Russian Spy Row: Prelude to a new Cold War

Mohammad Jamil

MORE than twenty-seven European and NATO countries have announced mass expulsion of Russian officials and suspected spies in a coordinated response to Britain’s claim that nerve gas attack on former Russian double agent Sergei Skripal and his daughter was ordered by the Kremlin. It appears from this wording that Britain resorted to harsh actions without any substantial or concrete evidence in the investigation. On Thursday, Russia announced that it would close the US Consulate in St. Petersburg and kick out 60 American diplomats in response to expulsion of Russian diplomats from the United States and a number of other countries. Kremlin spokesman Dmitry Peskov called the move wrong and said that “Russia’s response will be guided by the principle of reciprocity”, which had been the hallmark of Russian diplomacy.

Since emergence of Russian-Ukrainian conflict, many said that a new Cold War had started; however, the escalation of tension between the Western countries and Russia in recent days is fraught with serious dangers. The Russian Foreign Ministry has accused British PM Theresa May of exploiting the issue to strengthen her weak hold on power, and also accused the West of using Russia to unite the divided West and recompose itself politically and militarily. According to a report a senior British official said that the UK shared unprecedented degrees of intelligence about the Salisbury nerve agent attack as part of its international drive to secure the biggest diplomatic offensive against Russia since the end of the cold war. For the first time these intelligence assessments were shared with senior ministers and officials in EU and at NATO over the past two weeks.

European countries have been accusing Russia of intervention in Ukraine, whereas they were equally responsible for throwing the unfortunate nation into turmoil by intervening on one pretext or another and plunge the world in greater disorder and chaos. It is not just the Ukraine they have pushed into turbulence; they have been on this rank adventurism quite too often not in the distant past. Their maddening geopolitical and strategic designs and regime change projects made Libya and Syria slipping down and down in a quagmire. One wonders over the outcry of western chancelleries, media and think tanks that they all are indulging in so hypocritically and so unabashedly over the Ukrainian crisis. In fact, they have had the pioneering role in stirring the crisis. It was their incitement, prompting and their money that had triggered the massive street protest in Kiev that finally led up to the ouster of Ukrainian present Viktor Yanukovych.

Had the Ukrainians been left alone, they would have sought the way out of the political imbroglio precipitated by the deposed president Viktor Yankovych impetuous walkout from the done deal of trade association with EU and join instead Russia-led customs union. Of course, President Putin has no hand to show clean either. No sophistry whatsoever can help him to demonstrate innocence in the saga of Crimean Peninsula’s secession. In the venture, Russian agent-provocateurs were definitely involved. But with what face, western capitals slapped him for what they themselves had been engaged in Ukraine so blatantly? Illegitimacy against illegitimacy has become rule of the thumb there. After Russia had annexed Crimea in March 2014, US president Barack Obama and European leaders had slapped toughest sanctions on Russia’s energy, arms and finance sectors in retaliation to Russian involvement in Ukraine.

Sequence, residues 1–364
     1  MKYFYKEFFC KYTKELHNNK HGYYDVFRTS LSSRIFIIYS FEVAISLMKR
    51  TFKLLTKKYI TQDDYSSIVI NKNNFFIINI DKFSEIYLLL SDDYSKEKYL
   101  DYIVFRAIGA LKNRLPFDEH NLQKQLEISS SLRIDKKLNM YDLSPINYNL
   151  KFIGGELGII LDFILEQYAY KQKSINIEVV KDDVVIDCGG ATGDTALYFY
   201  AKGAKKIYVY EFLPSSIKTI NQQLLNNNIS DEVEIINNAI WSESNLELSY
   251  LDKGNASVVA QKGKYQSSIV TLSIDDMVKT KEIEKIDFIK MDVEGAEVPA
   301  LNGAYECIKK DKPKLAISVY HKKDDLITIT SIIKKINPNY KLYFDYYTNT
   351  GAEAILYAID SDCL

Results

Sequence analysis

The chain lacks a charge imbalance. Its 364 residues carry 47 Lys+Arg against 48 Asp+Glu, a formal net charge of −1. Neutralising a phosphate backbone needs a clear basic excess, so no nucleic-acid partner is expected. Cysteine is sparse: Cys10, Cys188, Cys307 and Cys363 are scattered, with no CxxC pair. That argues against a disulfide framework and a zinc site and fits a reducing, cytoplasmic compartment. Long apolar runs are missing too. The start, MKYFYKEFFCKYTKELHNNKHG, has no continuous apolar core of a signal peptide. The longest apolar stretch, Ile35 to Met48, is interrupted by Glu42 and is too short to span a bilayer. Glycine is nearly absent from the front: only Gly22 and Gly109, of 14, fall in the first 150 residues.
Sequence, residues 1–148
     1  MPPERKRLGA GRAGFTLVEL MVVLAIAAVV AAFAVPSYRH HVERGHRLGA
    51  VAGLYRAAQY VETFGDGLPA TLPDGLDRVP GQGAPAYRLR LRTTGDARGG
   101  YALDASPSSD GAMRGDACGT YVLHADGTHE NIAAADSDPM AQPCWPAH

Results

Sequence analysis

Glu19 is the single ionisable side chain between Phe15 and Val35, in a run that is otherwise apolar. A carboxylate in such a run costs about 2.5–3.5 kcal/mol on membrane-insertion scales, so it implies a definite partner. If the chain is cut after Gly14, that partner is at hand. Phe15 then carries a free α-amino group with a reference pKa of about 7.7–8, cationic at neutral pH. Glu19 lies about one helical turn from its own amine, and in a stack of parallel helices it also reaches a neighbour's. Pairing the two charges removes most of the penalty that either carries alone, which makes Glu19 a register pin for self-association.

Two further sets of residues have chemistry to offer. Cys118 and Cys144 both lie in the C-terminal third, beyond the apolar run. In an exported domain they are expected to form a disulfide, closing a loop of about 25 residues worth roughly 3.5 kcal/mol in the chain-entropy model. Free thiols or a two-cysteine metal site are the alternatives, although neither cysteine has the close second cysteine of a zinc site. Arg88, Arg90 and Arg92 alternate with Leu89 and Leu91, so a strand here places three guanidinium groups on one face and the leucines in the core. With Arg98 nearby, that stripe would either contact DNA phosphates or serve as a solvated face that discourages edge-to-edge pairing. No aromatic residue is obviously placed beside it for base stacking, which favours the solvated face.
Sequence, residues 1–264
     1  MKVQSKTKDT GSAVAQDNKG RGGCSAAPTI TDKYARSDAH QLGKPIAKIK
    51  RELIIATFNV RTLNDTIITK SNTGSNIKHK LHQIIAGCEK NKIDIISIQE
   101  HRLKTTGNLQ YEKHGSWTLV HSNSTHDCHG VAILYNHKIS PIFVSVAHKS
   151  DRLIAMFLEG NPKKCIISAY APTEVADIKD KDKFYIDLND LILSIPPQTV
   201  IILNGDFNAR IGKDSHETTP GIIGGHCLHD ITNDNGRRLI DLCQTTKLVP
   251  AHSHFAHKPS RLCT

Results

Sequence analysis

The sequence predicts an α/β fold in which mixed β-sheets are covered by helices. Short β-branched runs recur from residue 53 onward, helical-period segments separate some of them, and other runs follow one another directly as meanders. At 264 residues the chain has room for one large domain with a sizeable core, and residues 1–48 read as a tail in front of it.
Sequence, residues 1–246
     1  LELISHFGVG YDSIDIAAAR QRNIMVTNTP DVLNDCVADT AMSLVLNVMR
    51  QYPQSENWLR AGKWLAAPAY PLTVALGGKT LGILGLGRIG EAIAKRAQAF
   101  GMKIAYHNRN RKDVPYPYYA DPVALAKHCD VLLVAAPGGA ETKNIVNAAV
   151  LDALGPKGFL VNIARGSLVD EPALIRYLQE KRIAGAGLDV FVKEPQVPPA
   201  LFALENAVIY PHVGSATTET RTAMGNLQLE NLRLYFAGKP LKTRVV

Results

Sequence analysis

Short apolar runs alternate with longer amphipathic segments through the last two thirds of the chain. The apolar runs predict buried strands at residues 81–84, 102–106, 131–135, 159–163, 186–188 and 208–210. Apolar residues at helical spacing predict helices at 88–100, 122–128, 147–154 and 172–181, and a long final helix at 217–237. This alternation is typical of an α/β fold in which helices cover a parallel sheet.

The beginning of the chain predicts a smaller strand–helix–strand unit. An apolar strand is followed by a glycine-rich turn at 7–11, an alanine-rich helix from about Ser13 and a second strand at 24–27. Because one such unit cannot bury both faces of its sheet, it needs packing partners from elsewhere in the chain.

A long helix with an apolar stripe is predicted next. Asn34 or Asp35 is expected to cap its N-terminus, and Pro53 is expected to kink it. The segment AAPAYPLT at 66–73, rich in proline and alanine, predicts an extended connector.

It appears that President Trump’s policies and rhetoric would unite Russia and China. In several recent policy statements, President Trump suggested “China, along with Russia were major rivals, which, together with rogue regimes and terrorist organs, challenge US economy, interests and values. In confronting these dangers, unmatched power is the surest means.” Last month, Trump signaled that Washington was prepared for a full-blown trade war between the world’s biggest trading partners by slapping punitive tariff on Chinese imports in January and considering a bigger fine over China’s alleged theft of intellectual property. Since he came to office, Trump has challenged China’s claims in the South China Sea, increased the US military presence in Australia, and deepened US military ties with other nations in a region he decided to term the Indo-Pacific. The defence analysts and global affairs watchers believe the rivalry between the world’s most dominant superpower and its fastest rising one will continue to escalate. The first cold war was emblematic of a rivalry between the two blocs – the Soviet Union and its satellites and democratic countries of the Western world under US leadership.

However, the current US-China rivalry lacks the global support, as Trump’s cold war rhetoric does not receive reverberation from America’s traditional allies in the West. Of course, China vows to uphold the non-aligned policy, therefore it has not indicated its desire to align itself with Russia, as least for the time being. However, in the event President Trump continues with his tirade against China and comes up with harsher tariff measures; or tries to create hurdles in China’s “One belt One road initiative” and opposes CPEC, it could roil US-China relations. The Chinese-led institution, the Asian Infrastructure Investment Bank, has created a sense of frustration in the US and the West, as they view it as an alternative of the World Bank. Anyhow, China is unstoppable.

The writer is a senior journalist based in Lahore.

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